Book Review of Flags of Our Fathers

Flags of Our Fathers
Flags of Our Fathers
Author: James Bradley, Ron Powers
Genre: History
Book Type: Hardcover
annette-s avatar reviewed on + 49 more book reviews

Flags of Our Fathers by James Bradley with Ron Powers examines the lives of the six young men who became instant and even reluctant heroes in that iconic photo of the flag raising on Iwo Jima in February of 1945. The book relays the background of each of the men, who they were and what family values formed them. Bradley pieced together their histories as well as the realities of the unforgettable battle with heart wrenching detail.

It was only 1/400th of a second, the time it took to take that photo, but the magnitude of the resulting propaganda had a huge impact. For the six men it was just that, a blip in time compared to the job they had at hand. When the flag went up the fighting was far from over, though Americans hailed the photo as a victorious boost to morale. It touched the people and the government saw it as a great opportunity. The three surviving men were pulled from the battle to begin a Bond Tour to raise more money for the war efforts. They became instant heroes, whether they liked it or not. Each had a different way of handling that fame. Rene Gagnon hoped his notoriety would help him gain employment. It didnt. Ira Hayes hid behind the bottle and eventually died at age 32. Only Jack Bradley, the authors father, did his tour duty then forevermore backed away from the press after he left the service. With great determination, he kept his private life private and never talked of the war again. That was his way of handling it. He decided to go on with his life.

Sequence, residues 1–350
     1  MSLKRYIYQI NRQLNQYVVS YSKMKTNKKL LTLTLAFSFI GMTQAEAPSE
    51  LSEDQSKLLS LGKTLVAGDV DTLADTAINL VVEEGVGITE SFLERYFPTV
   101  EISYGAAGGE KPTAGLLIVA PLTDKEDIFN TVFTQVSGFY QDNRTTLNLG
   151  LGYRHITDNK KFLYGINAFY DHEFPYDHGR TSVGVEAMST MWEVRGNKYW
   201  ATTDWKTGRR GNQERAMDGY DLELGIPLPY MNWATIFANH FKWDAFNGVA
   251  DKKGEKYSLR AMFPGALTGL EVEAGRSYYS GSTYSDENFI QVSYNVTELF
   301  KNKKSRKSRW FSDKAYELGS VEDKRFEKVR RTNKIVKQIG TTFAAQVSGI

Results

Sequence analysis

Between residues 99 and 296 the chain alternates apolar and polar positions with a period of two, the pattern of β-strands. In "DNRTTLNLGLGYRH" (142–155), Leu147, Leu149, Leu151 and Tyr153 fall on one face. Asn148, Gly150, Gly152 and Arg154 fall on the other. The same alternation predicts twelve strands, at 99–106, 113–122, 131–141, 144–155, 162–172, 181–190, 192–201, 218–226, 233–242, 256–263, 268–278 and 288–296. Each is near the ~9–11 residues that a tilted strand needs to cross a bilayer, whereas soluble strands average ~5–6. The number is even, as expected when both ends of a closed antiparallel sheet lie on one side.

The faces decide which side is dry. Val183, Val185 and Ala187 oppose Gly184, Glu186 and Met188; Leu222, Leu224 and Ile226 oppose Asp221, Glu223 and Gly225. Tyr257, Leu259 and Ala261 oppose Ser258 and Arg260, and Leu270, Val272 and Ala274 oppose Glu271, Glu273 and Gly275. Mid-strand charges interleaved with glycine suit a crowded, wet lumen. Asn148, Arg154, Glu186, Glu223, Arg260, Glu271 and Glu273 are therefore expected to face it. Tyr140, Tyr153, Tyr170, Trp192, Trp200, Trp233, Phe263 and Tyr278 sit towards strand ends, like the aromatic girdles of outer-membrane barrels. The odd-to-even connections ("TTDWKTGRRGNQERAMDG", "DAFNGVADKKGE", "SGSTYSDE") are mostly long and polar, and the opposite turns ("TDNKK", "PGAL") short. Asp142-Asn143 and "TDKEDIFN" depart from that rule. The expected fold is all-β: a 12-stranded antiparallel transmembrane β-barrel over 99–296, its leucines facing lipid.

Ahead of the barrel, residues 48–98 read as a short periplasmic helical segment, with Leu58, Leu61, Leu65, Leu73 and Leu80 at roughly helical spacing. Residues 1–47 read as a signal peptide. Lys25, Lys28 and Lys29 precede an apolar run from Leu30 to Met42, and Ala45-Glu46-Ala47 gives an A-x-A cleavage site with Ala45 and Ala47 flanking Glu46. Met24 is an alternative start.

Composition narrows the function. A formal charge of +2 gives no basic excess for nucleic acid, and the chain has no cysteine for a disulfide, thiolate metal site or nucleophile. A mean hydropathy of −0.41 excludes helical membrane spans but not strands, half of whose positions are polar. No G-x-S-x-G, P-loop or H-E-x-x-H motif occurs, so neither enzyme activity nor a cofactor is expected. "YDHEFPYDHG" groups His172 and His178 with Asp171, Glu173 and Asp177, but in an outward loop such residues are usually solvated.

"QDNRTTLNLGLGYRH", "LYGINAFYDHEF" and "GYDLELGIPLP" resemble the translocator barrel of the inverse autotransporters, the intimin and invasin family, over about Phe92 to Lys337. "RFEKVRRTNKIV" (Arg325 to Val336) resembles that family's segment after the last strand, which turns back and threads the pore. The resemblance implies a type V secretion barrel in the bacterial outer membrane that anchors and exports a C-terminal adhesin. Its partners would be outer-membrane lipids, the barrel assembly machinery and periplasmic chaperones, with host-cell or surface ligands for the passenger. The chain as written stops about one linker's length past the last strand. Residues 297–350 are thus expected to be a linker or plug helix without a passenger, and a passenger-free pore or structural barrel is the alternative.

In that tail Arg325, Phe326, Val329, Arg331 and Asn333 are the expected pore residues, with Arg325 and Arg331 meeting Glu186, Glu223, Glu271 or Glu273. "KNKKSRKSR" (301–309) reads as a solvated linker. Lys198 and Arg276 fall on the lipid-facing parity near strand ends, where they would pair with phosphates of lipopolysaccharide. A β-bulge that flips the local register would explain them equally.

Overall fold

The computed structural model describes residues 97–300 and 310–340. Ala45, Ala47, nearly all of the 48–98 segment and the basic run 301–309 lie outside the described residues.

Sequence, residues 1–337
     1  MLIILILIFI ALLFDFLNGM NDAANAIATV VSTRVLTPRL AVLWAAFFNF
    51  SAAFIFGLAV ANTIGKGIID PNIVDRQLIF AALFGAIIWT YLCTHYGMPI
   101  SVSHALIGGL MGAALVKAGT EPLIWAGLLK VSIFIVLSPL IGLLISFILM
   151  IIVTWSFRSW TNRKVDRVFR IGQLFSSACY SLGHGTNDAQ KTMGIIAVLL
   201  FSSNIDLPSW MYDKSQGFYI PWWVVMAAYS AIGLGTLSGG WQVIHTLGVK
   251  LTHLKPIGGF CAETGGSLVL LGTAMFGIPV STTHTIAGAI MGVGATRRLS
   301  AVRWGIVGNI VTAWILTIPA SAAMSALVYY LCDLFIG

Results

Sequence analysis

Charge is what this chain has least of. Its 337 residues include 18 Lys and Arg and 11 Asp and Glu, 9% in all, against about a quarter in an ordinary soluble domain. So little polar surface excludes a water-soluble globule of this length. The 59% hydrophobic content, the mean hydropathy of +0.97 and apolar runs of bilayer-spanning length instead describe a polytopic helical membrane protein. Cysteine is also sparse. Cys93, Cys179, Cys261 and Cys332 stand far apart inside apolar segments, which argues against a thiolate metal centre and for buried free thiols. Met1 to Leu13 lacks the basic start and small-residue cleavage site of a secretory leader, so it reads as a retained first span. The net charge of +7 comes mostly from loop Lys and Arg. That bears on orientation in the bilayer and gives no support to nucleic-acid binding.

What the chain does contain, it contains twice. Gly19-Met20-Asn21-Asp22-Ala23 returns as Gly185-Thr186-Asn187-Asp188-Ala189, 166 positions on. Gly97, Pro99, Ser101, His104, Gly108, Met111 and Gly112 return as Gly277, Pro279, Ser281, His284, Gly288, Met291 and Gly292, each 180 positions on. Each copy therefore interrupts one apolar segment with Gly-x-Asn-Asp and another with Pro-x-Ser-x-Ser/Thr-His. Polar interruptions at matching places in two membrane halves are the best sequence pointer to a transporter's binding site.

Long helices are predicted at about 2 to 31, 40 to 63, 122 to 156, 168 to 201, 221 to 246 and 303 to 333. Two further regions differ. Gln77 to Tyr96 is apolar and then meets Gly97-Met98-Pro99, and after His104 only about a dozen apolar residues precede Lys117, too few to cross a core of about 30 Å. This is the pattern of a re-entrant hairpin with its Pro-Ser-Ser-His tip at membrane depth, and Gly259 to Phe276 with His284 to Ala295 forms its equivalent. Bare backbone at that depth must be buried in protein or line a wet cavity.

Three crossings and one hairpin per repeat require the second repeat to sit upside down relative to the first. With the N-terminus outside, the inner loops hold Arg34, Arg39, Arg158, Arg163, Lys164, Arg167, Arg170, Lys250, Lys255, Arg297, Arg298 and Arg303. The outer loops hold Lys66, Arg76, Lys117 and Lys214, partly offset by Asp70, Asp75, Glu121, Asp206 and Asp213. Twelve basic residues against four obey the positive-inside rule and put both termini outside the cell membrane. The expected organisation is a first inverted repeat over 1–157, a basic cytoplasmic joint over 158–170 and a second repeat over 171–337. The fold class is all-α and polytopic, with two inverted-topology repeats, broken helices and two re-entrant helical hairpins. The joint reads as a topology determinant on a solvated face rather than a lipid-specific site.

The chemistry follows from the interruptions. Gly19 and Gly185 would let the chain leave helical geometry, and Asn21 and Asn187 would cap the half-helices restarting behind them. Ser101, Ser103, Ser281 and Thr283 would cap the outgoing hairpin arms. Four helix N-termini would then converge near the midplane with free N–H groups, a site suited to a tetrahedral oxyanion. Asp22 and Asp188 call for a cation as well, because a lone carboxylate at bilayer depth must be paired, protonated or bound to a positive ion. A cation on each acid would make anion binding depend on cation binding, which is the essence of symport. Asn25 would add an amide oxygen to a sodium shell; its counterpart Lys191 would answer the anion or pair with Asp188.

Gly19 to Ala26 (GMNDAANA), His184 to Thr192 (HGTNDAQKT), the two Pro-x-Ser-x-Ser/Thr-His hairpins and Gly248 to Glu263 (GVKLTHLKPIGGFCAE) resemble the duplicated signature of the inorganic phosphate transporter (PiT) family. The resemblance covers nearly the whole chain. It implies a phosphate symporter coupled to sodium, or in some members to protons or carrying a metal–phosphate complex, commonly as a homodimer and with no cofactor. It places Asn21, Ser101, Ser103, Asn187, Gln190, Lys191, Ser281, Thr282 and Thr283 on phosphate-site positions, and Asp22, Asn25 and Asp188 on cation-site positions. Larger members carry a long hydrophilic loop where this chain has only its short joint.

The stories of the six men are compelling. But more than their stories, we see that they were just six small but valuable parts in a much bigger story. There were so many others, so many who suffered, who gave their lives. Eighty thousand American men fought 22,000 Japanese for over one month in unimaginable circumstances. Our U.S. Marines could not see the enemies. Sixteen miles of underground tunnels hid the Japanese as they picked our guys off. After a long and bloody battle, the Marines finally did conquer that tiny sulphur-stinking island which we desperately needed for a landing strip en route to Japan. But it was at enormous cost. 22,851 casualties. 7,000 dead. It was one of the most intense and closely fought battles of any war. If war books do not usually make it onto your reading list, you may want to reconsider just this once. Flags of Our Fathers is dramatic, moving, and enlightening. Read other reviews at http://readinginthegarden.blogspot.com